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Principal aim of the ‘artificial’ arrangement was to obtain a tax advantage – court 
A building company has lost an appeal in which it claimed an arrangement to license out new homes to an auctioneer before they were sold to individual purchasers meant it didn’t need to account for VAT on each sale. 
The Court of Appeal found the High Court was correct to conclude the principal aim of the licence arrangement between Vieira Ltd, which built 198 homes in Tyrellstown, Dublin, and Joe McPeake of McPeake Auctioneers was to obtain a tax advantage and was artificial in nature. 
The case arose out of a dispute between Vieira and Revenue over whether the firm’s VAT liability had already been discharged when it paid €4.4 million or if VAT was additionally payable on the sale price of each home. The difference between the two was at issue. 
Vieira was assessed by Revenue for VAT of some €1.9 million on houses sold between September/October 2003 and August 2004. Vieira contended it had already paid the appropriate VAT of around €4.4 million. 
The company appealed the assessment and it was confirmed by the Tax Appeals Commission. 
Vieira then appealed to the Circuit Court, contending it had previously accounted for VAT by means of this “self-supply” arrangement and asserted that the licence agreements were either a letting of immovable property or a surrender of possession for the purposes of the VAT Act 1972.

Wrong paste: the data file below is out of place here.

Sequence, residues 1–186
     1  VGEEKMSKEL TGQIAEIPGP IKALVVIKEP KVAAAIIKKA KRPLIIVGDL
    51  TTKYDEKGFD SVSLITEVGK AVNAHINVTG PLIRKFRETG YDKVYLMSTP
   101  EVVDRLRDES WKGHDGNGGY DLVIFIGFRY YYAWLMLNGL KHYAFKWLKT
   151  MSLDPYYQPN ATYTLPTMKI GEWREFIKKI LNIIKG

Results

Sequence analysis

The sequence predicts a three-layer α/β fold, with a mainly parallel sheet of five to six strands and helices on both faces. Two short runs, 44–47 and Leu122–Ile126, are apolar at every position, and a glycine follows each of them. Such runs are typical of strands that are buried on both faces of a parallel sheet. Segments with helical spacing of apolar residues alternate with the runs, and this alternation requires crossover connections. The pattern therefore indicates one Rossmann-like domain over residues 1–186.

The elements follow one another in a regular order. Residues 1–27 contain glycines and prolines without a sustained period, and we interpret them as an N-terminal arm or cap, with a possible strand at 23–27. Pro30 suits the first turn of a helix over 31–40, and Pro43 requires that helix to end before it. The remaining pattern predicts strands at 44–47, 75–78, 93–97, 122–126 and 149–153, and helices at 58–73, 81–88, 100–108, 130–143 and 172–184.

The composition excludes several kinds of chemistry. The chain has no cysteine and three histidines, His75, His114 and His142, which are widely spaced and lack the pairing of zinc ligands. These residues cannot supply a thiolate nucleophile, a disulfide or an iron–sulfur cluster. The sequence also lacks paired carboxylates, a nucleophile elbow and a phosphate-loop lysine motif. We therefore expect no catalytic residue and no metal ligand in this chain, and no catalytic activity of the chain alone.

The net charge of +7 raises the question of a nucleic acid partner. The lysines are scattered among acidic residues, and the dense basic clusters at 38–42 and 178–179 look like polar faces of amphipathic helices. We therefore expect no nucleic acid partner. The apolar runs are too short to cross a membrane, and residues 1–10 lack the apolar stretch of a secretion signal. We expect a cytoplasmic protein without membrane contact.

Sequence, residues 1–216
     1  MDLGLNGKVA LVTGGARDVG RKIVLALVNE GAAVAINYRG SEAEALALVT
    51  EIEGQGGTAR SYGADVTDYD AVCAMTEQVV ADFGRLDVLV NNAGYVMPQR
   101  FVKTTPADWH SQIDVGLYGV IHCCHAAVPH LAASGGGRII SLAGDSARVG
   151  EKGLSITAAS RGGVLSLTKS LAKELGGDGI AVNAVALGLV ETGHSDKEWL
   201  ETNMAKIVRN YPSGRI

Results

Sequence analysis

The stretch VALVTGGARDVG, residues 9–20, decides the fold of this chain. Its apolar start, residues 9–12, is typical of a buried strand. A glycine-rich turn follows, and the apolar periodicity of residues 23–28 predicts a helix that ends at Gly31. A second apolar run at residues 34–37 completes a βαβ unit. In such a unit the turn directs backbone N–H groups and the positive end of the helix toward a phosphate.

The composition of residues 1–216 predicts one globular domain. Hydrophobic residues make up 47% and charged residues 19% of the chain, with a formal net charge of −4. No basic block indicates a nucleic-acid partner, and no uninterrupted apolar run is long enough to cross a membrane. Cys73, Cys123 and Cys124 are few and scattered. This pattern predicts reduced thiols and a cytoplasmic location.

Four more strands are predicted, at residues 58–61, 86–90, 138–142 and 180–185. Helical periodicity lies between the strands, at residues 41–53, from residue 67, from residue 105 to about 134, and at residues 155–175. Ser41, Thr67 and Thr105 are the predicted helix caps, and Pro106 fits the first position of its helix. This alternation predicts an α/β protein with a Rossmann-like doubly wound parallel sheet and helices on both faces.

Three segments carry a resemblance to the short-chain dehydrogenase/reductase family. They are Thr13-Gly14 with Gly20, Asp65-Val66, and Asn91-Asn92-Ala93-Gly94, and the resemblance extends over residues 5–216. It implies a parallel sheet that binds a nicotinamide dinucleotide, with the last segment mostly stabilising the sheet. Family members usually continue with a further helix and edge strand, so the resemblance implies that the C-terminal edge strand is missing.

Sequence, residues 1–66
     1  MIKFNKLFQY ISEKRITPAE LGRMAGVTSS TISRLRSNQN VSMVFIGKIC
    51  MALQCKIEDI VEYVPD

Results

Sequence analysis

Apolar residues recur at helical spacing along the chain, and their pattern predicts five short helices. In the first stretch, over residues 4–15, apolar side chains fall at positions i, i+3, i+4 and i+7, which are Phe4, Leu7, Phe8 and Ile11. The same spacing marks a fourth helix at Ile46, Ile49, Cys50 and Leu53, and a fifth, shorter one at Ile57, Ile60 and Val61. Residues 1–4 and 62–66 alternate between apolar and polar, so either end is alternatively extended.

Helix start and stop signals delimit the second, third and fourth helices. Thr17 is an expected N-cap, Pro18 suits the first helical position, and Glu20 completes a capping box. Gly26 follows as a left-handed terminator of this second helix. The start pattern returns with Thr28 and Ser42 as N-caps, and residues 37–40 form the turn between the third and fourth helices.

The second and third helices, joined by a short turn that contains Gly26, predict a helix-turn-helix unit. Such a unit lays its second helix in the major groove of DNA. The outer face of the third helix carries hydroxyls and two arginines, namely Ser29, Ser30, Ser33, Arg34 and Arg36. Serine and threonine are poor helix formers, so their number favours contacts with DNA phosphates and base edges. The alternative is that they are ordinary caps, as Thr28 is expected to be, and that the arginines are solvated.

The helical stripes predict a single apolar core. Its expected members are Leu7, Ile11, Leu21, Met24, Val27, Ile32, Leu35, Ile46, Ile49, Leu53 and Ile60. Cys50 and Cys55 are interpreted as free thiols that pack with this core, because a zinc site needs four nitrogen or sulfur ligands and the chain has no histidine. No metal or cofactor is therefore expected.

The Circuit Court dismissed the appeal concluding that “at no stretch of the imagination” could the licence agreements be considered a letting of immovable property, under EU case law principles, or a surrender of possession. 
It said Mr McPeake did not go into occupation or use any of these properties but merely accessed them with his sales team for the purpose of showing prospective purchasers the layout, etc. The court heard there were 35 different types of houses in the scheme which presented difficulties in presenting one show house for all purchasers. 
That decision was confirmed in subsequent appeals to the High Court and now the Court of Appeal, which dismissed the appeal on all grounds. 
Ms Justice Máire Whelan, on behalf of the three-judge CoA, said there was ample evidence for the High Court judge to find the licence agreements constituted neither a lease/letting nor a surrender of possession. 
This was a valid conclusion that flowed from that court’s evaluation of the relevant jurisprudence and its application to the salient facts as identified by the trial judge. 
She also found the High Court was correct in finding no basis has been made out for directing a preliminary reference of the case to the Court of Justice of the EU, as requested by Vieira and opposed by Revenue. 
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